I'm not exactly well-versed these things, but in reading about the debated COOL amendments to the Farm Bill, the word "cost" seems to be what's under negotiation. In answer to the question, "Just how much could it possibly cost to slap an accurate Country of Origin label on a package of meat?" we have to look at how they want to determine its origins. Does any of this sound familiar?
Experts in the industry say the program comes down to a record-keeping verification program.
"The House reaffirms the labeling from the 2002 farm bill law that any domestic product to be labeled as U.S. has to be born, raised and processed in the U.S," said Derrell Peel, an Extension livestock marketing specialist at Oklahoma State University. "That implies that we still have to have information back to the cow-calf level."
The House version says record keeping is simplified, but Peel said he can't see where.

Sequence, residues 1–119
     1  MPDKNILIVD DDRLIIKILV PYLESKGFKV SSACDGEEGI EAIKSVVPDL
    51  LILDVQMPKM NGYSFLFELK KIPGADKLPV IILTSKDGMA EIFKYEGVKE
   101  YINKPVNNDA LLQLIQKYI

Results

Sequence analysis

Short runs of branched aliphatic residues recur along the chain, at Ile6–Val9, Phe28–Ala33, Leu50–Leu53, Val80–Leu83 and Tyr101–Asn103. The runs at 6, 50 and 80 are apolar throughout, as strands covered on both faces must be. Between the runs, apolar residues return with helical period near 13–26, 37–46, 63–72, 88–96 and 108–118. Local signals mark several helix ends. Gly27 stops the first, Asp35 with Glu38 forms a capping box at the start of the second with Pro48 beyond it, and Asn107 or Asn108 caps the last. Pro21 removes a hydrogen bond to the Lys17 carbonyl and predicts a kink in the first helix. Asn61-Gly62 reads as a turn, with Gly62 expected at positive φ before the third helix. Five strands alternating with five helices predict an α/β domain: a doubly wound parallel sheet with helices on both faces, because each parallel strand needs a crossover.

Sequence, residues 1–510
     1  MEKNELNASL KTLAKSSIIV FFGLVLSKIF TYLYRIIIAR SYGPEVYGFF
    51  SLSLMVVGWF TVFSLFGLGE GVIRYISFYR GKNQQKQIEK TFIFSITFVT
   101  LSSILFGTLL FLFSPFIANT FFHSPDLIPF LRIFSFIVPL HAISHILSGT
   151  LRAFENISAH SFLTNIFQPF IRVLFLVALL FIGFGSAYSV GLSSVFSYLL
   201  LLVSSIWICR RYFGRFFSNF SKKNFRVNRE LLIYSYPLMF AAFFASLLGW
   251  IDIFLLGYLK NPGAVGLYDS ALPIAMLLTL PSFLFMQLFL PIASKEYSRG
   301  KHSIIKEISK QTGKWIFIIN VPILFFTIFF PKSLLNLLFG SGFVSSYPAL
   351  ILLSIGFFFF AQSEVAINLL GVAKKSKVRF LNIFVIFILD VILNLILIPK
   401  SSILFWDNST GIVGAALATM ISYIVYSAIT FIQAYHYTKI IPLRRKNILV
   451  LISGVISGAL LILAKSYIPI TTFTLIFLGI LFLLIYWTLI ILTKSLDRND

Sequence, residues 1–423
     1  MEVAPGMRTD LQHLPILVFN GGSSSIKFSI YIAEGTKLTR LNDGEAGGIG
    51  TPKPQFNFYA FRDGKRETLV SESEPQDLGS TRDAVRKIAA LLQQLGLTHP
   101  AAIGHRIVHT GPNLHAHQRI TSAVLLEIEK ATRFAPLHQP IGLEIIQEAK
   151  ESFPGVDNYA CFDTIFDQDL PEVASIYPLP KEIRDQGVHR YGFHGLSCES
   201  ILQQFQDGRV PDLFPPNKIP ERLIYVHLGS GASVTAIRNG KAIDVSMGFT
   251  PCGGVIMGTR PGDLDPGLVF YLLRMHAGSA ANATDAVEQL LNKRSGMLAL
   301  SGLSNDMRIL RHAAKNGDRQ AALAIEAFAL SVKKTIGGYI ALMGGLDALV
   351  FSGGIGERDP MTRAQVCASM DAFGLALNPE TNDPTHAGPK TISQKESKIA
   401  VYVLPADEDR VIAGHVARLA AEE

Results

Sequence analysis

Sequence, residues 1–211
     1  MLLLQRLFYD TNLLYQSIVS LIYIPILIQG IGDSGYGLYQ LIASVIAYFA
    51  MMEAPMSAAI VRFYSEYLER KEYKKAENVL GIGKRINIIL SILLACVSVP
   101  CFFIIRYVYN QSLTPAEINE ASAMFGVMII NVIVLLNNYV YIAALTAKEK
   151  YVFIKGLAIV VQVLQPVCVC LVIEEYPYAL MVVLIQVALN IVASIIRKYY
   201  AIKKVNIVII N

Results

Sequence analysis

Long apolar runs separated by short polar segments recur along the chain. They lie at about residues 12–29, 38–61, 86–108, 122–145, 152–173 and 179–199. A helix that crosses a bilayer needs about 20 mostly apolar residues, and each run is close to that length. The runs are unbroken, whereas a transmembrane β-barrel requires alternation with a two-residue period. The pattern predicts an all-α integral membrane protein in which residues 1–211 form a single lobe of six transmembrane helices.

"Even though the House version talks to simplified records, I'm still referring to the proposed rules by AMS, which make it clear each sector has to maintain records and tie those records to the previous sector and the subsequent record," Peel said.
For the complete article, go here
Like I said, I'm not savvy as an issues commentator. But doesn't this seem to be directly connected to the push by the government to register farms and identify all animals? Wouldn't this issue directly affect the push to make such a system mandatory? Wouldn't it potentially tie the hands of non-registered farms when it comes to marketing and selling their products, if the NAIS regulations are instituted and enforced in conjunction with the proposed Country of Origin Labeling changes?
I'm all for knowing the country of origin for the meat and fish we buy. I don't want WalMart multinational mystery meat, because I don't trust WalMart and their like. I also don't want to stump for a change that will be used as a convenient platform to cement NAIS regulations and seem to make it mainstream and "necessary", removing it from voluntary to mandatory status.
I wish I had a more politically savvy brain on these issues. Every issue seems to have its complexities with different groups trying to smuggle aboard their own pet special interests.
Not sure how to reconcile these simple thoughts:
Labeling packaged meat's country of origin...good.
Using mandatory labeling of packaged meats as a means to mandate national identification regulations...ugh.
Are these really related? Any thoughts?